Winner Profiles

How to Convince a 10-Year-Old Soda Sucks
By Suzanne Manneh, New America Media

Jose Esquivel

Jose Esquivel

RICHMOND, Calif.—Jose Esquivel, 17, convinced his 10-year-old cousin to drink less soda and hopes he will convince others.

The aspiring motion graphic designer, who will attend Expression College for Digital Arts in Emeryville to pursue an education and career in graphic design this winter, was among five grand prize winners in a statewide public awareness contest, sponsored by New America Media, entitled “Why Soda Sucks,” for his motion design video. Esquivel plans to use his $1,000 prize money for his education.

He learned about the contest at youth convening, and entered he said, “because I don’t like or drink soda.”

“I think this campaign served to discourage people from drinking soda. Not many people know the dangers because of how the media glorifies it. Ads are put up to make it seem like it’s a super great thing, when it’s not.”

“The most I’ve learned from it [his project] is how much sugar soda has. Visually, I didn’t really know until I researched it,” he said.

In his motion graphic video, Esquivel focuses on the high sugar levels in soda.
“Did you know that the amount of sugar in soda is so high that it can damage your white blood cells’ ability to ingest and kill bacteria for seven hours?” he asks in his video.  He then demonstrates that a20 oz bottle of Coca-Cola has 65 grams of sugar and accounts for 265 calories of sugar, or 13% of a 2,000 calorie diet. Esquivel also illustrates this in sugar cubes. “There are 60 sugar cubes in bottle,” he says.

“The funny thing is after I made this video, I showed it to my cousin who’s 10, and he started asking me questions about soda,” he said. “I explained it demonstrating how many packets of sugar are in a can of soda.  He said, ‘Wow! That is a lot of sugar,’ and now he doesn’t drink it as much.”

But Esquivel accepts that not everyone will consider cutting soda out of their diets. “My best friend is a big soda fan,” he said.
His goal is to educate youth on soda’s health risks.
He hopes for more similar campaigns like Soda Sucks. “Knowledge is key,” he said. “If you teach youth  about a topic I think they would understand and be more inclined to make a better decision.”

‘Ad Messages Lie,’ Says Former Soda Drinker
By Suzanne Manneh, New America Media

William Haynes

William Haynes

RICHMOND, Calif.—William Haynes, 17, confesses he’s been a soda drinker his whole life.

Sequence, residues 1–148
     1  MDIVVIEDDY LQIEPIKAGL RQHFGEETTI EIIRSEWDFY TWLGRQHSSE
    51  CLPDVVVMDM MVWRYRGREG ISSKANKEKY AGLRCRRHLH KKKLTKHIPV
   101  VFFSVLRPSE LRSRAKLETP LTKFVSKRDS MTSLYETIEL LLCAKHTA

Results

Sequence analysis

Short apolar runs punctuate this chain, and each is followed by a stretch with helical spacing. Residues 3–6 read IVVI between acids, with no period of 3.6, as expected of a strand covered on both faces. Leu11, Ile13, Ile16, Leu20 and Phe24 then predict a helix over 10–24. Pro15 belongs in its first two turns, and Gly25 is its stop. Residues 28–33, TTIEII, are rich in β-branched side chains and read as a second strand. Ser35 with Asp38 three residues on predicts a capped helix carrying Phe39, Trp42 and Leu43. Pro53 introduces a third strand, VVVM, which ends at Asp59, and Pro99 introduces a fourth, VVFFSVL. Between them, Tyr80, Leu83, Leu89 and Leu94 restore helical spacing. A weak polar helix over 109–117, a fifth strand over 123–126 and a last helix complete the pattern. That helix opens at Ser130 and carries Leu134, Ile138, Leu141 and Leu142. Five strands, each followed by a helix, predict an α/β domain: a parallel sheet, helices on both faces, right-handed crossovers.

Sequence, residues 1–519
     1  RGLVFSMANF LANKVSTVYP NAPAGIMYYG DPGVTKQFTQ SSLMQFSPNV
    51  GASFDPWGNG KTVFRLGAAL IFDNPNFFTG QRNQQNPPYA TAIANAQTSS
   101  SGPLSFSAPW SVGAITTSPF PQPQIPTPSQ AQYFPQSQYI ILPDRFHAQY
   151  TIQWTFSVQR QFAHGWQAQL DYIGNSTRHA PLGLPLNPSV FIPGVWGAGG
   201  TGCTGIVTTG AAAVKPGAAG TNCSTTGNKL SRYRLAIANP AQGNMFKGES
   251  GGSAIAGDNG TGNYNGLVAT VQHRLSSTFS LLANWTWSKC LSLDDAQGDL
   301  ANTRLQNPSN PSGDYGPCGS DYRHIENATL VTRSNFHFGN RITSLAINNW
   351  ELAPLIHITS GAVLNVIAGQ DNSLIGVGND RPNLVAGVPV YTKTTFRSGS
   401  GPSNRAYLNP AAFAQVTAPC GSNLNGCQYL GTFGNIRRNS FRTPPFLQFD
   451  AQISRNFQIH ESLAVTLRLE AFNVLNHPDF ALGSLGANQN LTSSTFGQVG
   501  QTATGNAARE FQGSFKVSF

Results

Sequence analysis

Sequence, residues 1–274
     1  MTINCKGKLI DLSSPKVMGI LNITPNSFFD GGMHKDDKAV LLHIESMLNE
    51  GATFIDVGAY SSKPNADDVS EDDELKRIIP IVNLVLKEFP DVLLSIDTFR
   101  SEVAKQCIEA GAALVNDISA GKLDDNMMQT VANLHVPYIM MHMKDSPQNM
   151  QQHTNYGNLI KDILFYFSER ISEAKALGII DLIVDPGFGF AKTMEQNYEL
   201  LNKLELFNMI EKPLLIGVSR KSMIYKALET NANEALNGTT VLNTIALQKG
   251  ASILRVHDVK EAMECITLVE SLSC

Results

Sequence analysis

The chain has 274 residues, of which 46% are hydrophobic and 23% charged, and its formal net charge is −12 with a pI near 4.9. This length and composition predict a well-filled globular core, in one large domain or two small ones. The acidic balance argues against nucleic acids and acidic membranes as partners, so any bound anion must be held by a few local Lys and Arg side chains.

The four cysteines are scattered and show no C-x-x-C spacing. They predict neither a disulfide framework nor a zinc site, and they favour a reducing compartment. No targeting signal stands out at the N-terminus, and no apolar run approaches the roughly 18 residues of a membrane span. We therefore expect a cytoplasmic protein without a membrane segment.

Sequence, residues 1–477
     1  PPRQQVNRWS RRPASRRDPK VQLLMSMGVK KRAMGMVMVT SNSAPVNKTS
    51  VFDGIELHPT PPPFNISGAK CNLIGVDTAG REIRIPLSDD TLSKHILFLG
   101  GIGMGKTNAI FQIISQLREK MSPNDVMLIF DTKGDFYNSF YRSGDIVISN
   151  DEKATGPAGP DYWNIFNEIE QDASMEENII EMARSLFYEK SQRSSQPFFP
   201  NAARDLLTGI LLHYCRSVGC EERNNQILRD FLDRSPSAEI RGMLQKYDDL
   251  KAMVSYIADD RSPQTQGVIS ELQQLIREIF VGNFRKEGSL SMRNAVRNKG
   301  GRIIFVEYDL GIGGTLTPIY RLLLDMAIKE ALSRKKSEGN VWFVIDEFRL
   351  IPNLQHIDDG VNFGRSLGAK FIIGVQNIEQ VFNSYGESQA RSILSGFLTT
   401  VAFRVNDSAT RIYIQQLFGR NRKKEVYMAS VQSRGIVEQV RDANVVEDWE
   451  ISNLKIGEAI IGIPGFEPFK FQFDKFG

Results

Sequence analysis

While he doesn’t plan on giving up soda for good, he says he has been incorporating more water and juices to prevent health risks he’s discovered to be linked to high soda consumption.

Earlier this month, Haynes won a $1,000 for a video he produced for a statewide public-awareness contest, sponsored by New America Media entitled “Why Soda Sucks”

“I had an uncanny tenderness, a warmth, a passion for soda that was until I did a little bit of research,” he begins.

His video entitled, “Soda Sucks, Water is Good,” outlines the health hazards associated with soda consumption.

“I heard soda weakens the bloody heck out of your tooth enamel and increases risk for obesity by 1.6 times every additional drink,” he says in his video.

But he says that many teenagers are in his same position of being large soda consumers and prefer it to most other beverages.

Haynes, who was born and raised in Richmond, Ca., says soda addiction is largely the result of aggressive marketing techniques aimed at teenagers.

“Young people are targets of ads because even though we don’t have that much money, we don’t have to worry about making payments.”

Some of Haynes’ friends recently told him about a commercial for “SunDrop” a citrus flavored soda, where a young woman begins dancing joyfully to a popular rap song upon her first sip.

For the duration of the commercial the girl dances through the streets, on to the beach, disrupting a yoga class and initiates a beach dance party, where everyone is drinking Sundrop sodas with her.

“My friends wanted to see where they could buy it,” he said, “and I think they showed that interest because of the way it was marketed to them.”

Another reason for soda’s high consumption rates among his peers and in his city, Haynes says, that it is “just so much more available”

“Richmond is a food desert.”

“You can go down the street and easily get a two-liter bottle of soda at the gas station. Water, and juices, they’re available, but not as much and in smaller quantities,” he said.

He noted that his family purchases a lot of food from the dollar store, because of the lack of other markets.

“I made an oath to myself not to eat any of that,” he said, adding that both his parents have high blood pressure.

Haynes has his own youtube video channel, WilliamHaynesTV, where since 2009, he has produced and uploaded 67 videos that address issues ranging from climate change to peer pressure and youth culture.

Using comedy is key, he thinks.
“Jokes seem to be more memorable… I call it Activist Comedy,” he said.
Friends who have seen it take his message more seriously than an “expert doctor.”

“It’s coming from someone they know,” he said.

Haynes started college this fall in Southern California where he is studying film. He will use his prize money to buy books and equipment.

“My parents think that this (making youtube videos) is a phase. That ‘some teenagers join gangs, others make youtube videos’,” he said.

“But it’s not a phase. This is something I’ll do the rest of my life, maybe not on youtube, but somewhere.”

‘Why Does Water Cost More Than Soda?’ Winner Asks
By Suzanne Manneh, New America Media

Anthony Mastrocola

Anthony Mastrocola

SAN JOSE—His peers know him as MC Cola, but, “now that [stage name] is ironic,” said aspiring rapper Anthony Mastrocola, 21.

In his songs, Mastrocola addresses everything from societal and racial inequities, to popular trends in youth culture, “but I’ve stepped out of my box.”

Earlier this summer, Mastrocola produced a song outlining the health risks associated with drinking soda, which he submitted to the statewide public awareness campaign, entitled “Why Soda Sucks,” sponsored by New America Media. Mastrocola was one of 5 grand prize winners, each of whom received a $1,000. He plans to use his prize money for “helping pay a few bills.”